Lauder, Central Otago, New Zealand
Lauder was named after the Scottish Border town of Lauder
in Berwickshire by surveyor J.T. Thomson.
When the Central Otago Rail Line reached Lauder in 1904,
Lauder became populated as a railway town.
Lauder was also the site that ballast was quarried for use as
foundations underneath railway sleepers.
A school soon became established here and a town was born.
Today Lauder provides a number of accommodation options
for Otago Central Rail Trail travelers
including the original school, hotel and store! .
The Hotel was originally located next to the car park entrance gates facing the rail line and in 1960 the Publican at the time –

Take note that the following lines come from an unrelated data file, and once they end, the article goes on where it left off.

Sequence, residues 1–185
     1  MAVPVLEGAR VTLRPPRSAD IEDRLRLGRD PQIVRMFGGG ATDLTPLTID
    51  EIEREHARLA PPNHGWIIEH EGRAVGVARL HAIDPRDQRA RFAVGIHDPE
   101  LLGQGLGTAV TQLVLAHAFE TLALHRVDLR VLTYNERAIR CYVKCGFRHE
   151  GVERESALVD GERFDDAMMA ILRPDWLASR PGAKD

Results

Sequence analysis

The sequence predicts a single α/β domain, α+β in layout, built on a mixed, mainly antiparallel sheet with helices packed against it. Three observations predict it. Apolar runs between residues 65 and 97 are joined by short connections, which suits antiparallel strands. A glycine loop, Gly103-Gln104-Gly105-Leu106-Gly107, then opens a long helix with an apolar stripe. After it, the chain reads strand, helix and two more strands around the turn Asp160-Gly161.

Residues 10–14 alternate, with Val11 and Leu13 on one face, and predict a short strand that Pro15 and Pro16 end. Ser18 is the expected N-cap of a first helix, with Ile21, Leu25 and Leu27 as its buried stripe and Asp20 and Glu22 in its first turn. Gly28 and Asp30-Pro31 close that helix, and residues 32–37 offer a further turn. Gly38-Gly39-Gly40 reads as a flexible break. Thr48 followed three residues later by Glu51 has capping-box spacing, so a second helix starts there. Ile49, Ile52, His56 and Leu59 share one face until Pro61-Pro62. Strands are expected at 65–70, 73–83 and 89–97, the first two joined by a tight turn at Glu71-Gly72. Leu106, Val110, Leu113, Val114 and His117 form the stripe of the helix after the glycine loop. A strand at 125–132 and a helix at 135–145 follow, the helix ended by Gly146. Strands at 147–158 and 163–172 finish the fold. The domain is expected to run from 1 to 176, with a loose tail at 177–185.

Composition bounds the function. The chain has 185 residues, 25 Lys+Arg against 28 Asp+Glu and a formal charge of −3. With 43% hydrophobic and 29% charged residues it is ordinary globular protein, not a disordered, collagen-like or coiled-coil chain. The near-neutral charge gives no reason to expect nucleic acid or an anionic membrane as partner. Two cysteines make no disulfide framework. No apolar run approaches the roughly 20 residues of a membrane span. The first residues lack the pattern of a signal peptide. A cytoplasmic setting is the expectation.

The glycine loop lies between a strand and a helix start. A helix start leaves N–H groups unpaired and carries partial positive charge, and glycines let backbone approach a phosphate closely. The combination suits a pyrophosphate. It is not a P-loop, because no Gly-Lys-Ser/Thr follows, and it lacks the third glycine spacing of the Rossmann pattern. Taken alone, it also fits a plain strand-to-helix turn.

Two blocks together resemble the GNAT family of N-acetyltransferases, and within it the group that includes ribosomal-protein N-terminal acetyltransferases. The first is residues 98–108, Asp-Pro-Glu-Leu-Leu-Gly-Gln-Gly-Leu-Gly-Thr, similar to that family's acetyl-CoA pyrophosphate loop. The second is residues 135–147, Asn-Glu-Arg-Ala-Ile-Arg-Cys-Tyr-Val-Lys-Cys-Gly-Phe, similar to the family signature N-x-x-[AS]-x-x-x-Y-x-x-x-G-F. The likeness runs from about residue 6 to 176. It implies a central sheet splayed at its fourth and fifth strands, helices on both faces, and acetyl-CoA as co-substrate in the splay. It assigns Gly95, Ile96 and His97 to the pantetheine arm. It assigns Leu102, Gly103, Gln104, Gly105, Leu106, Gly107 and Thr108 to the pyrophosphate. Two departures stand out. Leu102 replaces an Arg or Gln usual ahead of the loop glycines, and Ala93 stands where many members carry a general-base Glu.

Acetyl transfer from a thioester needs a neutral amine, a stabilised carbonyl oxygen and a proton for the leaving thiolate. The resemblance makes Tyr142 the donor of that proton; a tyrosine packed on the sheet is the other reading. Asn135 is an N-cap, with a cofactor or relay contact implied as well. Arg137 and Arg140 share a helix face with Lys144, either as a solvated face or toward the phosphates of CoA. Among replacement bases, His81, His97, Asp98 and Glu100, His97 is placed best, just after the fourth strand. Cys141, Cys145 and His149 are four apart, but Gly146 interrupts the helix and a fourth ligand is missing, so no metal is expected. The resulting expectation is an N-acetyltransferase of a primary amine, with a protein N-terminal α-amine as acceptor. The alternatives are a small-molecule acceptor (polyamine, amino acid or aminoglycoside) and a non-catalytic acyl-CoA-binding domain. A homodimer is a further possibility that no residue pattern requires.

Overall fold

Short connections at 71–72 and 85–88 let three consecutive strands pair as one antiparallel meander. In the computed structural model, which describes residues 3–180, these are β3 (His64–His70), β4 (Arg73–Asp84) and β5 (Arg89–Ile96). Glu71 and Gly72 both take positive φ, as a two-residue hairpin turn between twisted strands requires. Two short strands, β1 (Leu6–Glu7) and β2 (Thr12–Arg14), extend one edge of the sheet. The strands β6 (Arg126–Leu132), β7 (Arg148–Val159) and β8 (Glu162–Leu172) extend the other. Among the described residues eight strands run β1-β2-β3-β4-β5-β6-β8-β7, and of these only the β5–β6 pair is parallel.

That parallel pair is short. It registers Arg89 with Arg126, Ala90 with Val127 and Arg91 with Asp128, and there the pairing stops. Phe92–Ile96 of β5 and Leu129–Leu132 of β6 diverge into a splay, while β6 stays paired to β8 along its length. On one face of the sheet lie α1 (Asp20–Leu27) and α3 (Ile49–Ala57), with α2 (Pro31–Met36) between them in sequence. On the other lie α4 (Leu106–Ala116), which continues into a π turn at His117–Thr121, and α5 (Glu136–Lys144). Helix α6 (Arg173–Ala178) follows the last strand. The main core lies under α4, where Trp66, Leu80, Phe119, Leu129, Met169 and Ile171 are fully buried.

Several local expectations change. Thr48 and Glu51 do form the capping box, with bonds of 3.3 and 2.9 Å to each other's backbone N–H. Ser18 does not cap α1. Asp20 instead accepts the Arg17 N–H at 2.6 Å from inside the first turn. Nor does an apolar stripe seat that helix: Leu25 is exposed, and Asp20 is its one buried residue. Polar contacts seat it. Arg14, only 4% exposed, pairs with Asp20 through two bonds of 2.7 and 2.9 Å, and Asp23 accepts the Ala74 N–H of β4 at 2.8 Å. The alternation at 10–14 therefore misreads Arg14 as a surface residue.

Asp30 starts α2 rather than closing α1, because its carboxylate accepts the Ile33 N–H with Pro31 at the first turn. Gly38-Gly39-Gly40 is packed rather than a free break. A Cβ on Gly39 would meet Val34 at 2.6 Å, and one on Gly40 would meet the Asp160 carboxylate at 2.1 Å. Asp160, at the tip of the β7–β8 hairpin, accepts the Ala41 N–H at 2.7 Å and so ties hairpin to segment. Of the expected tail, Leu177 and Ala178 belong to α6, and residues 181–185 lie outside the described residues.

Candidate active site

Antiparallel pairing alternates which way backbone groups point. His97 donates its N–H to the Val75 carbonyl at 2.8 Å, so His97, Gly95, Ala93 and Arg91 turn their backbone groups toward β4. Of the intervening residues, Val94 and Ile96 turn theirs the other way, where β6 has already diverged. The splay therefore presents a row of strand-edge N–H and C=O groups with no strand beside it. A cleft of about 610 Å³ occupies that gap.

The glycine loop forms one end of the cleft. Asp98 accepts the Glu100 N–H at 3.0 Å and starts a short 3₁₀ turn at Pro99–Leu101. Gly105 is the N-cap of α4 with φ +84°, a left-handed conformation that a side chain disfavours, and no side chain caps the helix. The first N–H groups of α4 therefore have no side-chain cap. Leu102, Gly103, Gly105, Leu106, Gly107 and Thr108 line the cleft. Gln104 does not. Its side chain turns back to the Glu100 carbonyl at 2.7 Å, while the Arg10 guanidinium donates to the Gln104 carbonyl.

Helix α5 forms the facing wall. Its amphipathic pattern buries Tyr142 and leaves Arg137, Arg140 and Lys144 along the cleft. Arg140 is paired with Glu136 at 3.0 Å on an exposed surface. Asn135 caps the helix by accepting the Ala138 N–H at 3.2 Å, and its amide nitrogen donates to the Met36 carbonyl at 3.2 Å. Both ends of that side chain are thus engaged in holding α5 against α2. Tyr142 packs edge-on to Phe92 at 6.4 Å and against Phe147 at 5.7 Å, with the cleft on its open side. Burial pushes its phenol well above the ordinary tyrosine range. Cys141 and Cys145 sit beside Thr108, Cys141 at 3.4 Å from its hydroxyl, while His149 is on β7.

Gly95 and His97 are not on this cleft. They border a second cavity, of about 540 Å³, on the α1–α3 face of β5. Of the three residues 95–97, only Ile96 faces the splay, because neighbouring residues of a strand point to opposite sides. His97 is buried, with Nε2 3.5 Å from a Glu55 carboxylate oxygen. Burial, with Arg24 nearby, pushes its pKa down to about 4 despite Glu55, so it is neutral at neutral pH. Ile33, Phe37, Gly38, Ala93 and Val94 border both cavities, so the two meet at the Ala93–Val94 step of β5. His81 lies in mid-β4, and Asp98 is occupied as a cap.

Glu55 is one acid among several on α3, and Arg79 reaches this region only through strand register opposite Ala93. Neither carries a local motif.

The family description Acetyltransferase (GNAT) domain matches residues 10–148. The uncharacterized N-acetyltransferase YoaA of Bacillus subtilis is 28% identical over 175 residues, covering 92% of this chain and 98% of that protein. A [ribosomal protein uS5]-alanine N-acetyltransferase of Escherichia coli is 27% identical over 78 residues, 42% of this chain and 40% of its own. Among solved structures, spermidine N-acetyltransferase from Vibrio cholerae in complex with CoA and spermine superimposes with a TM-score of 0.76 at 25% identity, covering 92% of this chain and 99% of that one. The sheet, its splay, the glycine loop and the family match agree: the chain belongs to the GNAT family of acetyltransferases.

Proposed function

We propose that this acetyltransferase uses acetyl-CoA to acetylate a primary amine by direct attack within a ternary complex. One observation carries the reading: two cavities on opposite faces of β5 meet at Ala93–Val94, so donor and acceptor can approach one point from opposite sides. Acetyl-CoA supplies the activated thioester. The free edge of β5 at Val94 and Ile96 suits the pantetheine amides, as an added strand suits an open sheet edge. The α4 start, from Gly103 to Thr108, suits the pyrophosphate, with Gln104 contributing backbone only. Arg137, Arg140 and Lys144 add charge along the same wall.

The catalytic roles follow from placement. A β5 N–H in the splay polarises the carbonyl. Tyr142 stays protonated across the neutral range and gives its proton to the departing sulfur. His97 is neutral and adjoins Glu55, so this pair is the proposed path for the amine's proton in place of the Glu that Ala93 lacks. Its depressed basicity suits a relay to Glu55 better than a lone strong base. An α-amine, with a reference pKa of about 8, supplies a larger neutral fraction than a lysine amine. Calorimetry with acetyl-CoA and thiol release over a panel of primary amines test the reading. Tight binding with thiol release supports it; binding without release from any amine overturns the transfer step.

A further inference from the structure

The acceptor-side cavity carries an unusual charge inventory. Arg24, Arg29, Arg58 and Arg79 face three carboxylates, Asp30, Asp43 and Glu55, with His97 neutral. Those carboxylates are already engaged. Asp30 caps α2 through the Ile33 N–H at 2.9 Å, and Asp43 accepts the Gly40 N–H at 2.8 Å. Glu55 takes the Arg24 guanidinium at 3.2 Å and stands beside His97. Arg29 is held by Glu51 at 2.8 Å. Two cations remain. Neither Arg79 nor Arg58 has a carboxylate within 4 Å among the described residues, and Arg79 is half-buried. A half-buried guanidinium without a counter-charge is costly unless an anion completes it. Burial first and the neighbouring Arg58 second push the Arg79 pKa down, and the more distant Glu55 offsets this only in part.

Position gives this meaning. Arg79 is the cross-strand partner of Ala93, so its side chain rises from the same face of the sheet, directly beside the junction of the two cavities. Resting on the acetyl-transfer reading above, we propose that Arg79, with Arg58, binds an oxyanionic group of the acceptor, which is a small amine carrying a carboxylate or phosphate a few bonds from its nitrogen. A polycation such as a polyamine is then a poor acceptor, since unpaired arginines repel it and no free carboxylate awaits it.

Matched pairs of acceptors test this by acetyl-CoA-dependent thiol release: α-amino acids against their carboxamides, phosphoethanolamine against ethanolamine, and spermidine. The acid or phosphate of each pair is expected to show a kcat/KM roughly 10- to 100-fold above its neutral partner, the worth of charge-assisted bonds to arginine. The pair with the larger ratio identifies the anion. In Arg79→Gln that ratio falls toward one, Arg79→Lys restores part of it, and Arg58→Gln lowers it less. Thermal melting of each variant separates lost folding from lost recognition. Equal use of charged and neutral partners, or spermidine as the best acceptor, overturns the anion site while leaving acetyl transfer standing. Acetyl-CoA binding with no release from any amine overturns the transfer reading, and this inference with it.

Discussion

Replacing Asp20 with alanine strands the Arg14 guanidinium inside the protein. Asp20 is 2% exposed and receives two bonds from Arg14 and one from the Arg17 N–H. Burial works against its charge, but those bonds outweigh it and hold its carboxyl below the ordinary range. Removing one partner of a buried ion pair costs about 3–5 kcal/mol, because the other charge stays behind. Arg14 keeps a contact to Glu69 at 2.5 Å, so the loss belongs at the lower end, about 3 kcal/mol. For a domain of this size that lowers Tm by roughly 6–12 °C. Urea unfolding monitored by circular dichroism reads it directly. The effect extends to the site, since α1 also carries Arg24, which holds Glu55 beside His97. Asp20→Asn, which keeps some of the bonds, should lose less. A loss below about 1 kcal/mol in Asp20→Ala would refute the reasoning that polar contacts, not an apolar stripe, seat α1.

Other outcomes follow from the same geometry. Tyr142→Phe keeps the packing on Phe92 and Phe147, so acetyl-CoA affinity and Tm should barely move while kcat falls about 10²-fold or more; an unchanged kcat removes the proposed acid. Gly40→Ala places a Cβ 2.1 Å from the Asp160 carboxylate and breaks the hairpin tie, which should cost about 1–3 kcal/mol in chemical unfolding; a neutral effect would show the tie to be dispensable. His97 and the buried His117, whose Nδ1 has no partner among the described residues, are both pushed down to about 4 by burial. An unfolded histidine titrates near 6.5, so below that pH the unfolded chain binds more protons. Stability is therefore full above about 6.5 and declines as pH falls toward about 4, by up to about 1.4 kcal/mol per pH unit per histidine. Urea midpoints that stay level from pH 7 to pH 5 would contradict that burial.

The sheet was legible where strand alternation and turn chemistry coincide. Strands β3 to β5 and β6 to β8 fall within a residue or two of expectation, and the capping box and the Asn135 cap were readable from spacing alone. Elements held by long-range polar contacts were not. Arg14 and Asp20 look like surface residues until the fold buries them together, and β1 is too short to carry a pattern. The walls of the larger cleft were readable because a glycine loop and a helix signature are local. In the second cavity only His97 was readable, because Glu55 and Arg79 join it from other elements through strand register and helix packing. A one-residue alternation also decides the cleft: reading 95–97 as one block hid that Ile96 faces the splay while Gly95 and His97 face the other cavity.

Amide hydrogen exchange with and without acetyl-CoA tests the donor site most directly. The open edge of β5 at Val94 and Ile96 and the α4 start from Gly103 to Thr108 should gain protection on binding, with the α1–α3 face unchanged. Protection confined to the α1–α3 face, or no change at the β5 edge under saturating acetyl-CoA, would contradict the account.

Ralph Phillips had the building cut in two, turned around and moved
to its present location facing the main road.
The Lauder Store was built in 1890 and operated as the local store
until 1995. It has now been renovated and converted to
Lauder’s unique dry climate has led to NIWA
(National Institute of Water and Atmosphere Research)
establishing its research facility here.
The atmosphere in Lauder is amongst the most clean and
pollution free in the world, making it ideal for NIWA
to carry out studies into the depletion of the Ozone Layer.
So while in Lauder make sure you take a deep breath and relish its pristine air!